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UPLIFTING GESTURE

Balloon release raises awareness of kids with cancer

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UPLIFTING GESTURE

Destiny Herrera, center, who was diagnosed with bone cancer, releases gold balloons during Sunday’s Destiny’s Challenge while surrounded by mother Sabrina Herrera, left, and little brother Ricky as...

HIME ROMERO/The Bulletin


POSTED September 10, 2013 1:51 a.m.

Destiny Herrera spent most of her Monday asleep in bed, weary from the weekend’s festivities.

Sunday fun day?

Based on the megawatt smile and all that gold on the ground and in the air, you bet.

The 10-year-old with osteosarcoma played host to more than 100 people at Woodward Park, continuing her campaign to bring awareness to all forms of childhood cancer.

September is Childhood Cancer Awareness month. From the outset, Destiny’s challenge has been to spread awareness.

“Kids get cancer, too” has been her mission statement. It’s been an exhausting effort, to be sure, especially as she continues chemotherapy treatments for bone cancer.

“Anything she does now has consequences,” her mother Sabrina Herrera said Monday as Destiny slept through the late morning. “She was out and about all day Sunday, so today she’s pretty tired.

“It takes a big toll on her. She loved it, but unfortunately that’s just part of having cancer.”

Destiny’s body may not have the stamina and energy it once had, but the home-schooled fifth grader takes great pride in the fact that she’s accomplishing her goal.

Today, more and more people are talking about childhood cancers.

Wearing a gold top with gold bead necklace and a black bandana, Destiny led Sunday’s symbolic balloon release.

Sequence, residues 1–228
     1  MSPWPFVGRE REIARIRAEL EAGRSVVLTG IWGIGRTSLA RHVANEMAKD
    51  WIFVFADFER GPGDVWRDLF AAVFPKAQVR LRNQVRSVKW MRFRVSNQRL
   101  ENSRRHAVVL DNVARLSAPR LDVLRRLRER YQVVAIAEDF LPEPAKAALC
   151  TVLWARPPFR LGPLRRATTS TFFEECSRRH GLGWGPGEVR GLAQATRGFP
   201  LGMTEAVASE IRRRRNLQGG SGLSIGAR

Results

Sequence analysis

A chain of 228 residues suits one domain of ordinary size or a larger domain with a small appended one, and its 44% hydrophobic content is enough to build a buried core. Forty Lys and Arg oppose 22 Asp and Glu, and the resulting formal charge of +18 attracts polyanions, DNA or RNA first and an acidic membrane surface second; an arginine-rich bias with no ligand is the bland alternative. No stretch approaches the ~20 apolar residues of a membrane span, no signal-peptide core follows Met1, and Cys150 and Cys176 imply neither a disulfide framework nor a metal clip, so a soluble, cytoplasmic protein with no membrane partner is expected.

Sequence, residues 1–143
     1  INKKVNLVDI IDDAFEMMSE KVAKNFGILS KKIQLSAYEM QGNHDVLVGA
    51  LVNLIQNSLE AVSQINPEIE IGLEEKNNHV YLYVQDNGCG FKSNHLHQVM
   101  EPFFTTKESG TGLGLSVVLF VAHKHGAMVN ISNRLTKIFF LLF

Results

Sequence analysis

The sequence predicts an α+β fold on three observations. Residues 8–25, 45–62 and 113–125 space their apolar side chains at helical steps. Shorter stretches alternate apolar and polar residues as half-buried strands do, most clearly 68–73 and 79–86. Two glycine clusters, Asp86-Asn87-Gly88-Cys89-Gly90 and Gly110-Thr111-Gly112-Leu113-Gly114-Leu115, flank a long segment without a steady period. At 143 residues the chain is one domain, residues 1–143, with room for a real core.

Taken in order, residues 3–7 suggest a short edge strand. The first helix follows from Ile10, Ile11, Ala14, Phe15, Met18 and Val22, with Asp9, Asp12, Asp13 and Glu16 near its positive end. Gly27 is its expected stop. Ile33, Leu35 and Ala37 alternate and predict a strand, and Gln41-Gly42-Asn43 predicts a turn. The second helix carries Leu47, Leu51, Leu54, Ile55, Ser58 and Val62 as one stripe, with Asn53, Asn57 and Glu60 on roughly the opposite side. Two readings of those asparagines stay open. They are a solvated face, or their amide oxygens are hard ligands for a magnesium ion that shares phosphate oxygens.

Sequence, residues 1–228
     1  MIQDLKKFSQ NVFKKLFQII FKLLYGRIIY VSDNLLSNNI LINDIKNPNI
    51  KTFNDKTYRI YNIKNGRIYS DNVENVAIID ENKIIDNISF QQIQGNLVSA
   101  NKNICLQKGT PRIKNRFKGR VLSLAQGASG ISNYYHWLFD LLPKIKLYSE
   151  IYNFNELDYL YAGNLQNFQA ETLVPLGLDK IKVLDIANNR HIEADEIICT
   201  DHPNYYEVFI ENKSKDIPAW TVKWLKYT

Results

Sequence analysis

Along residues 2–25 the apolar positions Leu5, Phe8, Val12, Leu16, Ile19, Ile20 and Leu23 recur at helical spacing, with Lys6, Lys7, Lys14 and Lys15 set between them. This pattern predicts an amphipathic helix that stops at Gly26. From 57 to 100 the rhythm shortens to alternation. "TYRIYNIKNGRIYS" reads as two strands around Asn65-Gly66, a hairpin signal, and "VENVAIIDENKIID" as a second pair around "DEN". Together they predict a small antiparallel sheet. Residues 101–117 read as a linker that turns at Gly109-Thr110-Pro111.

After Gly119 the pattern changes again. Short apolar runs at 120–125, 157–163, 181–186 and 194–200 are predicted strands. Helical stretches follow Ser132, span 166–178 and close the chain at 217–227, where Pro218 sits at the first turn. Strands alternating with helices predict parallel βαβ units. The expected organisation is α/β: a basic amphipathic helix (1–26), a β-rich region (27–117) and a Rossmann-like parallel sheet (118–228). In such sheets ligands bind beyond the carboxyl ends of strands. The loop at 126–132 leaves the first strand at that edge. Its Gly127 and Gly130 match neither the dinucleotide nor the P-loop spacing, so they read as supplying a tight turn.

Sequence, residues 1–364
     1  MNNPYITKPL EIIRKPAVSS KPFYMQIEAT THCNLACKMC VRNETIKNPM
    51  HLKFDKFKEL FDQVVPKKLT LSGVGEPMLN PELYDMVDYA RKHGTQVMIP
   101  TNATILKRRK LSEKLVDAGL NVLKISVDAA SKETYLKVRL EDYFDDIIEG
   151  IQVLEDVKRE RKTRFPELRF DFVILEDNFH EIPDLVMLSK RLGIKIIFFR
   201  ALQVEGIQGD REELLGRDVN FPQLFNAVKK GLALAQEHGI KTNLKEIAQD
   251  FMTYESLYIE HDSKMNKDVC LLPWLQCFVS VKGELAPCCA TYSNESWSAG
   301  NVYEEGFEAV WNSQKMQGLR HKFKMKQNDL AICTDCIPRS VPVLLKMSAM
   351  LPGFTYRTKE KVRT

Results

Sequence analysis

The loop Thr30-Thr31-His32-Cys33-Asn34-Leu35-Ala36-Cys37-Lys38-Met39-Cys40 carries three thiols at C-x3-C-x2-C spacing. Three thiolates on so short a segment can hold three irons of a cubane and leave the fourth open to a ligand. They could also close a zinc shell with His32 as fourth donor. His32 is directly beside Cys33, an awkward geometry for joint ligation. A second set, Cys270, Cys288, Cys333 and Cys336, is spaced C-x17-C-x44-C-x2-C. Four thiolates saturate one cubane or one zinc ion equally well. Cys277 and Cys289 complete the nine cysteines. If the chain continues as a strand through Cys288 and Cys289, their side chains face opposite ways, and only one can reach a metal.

The gold balloons were dedicated to those living with a childhood cancer, and for those who have lost their lives.

Destiny was surprised by Sunday’s turnout.  She plans to host a balloon release every Sunday throughout September, and the latest turnout more than doubled the first.

“I was super excited. I was so thankful, and I’m glad that I’m getting the awareness out there,” Destiny said. “… Maybe I can save someone’s life.”

Destiny thanked all those in attendance for their support of her and those affected by a childhood cancer, which make up less than 1 percent of all cancers diagnosed each year. Each school day, 46 children are diagnosed with a form of cancer and seven die, according to data released by Children Battling Cancer.

By that measure, Destiny is a statistic.

But as her fight has shown, she’s far from a faceless, voiceless victim.

“She’s my hero,” Sabrina said.

Destiny was diagnosed with osteosarcoma in May of last year. She has lost all of her hair and suffers from kidney failure because of the chemo. Her long-term prognosis, however, remains positive.

She says she draws strength from the story of the late Talia Joy, a 13-year-old whose own battle with cancer played out on YouTube.

Her make-up tutorials resonated with Destiny, who has struggled with the physical toll cancer has taken on her body.

Joy endured a series of relapses before her death, but continued to inspire hope in others with the message, “Just keep swimming,” a phrase borrowed from the Disney-Pixar movie “Finding Nemo.”

Destiny liked that.

Still does.

Before her death, Destiny was able to chat with Joy through various blogs.

“She told me ‘Just keep swimming, just keep swimming,’ ” Destiny said. “… I like here a lot. She was so inspiring.”

Added Sabrina: “Destiny struggled with losing her hair and this little girl inspired her. … Destiny took an immediate liking; she was able to relate on a personal level.”

Like Joy, Destiny is searching out alternative ways to help strengthen a weakened community of cancer patients.

She has begun a picture contest, asking friends, family and strangers to send her pictures of themselves with a gold ribbon and a sign with the words “Destiny made me aware kids get cancer, too.”

For every picture she receives, an anonymous sponsor will donate 5 cents to the Herrera family. Destiny will use the money to purchase personalized lollipops that she’ll send to children with cancer.

“This is what she wants to do,” Sabrina said. “This was her wish – to make people aware.”

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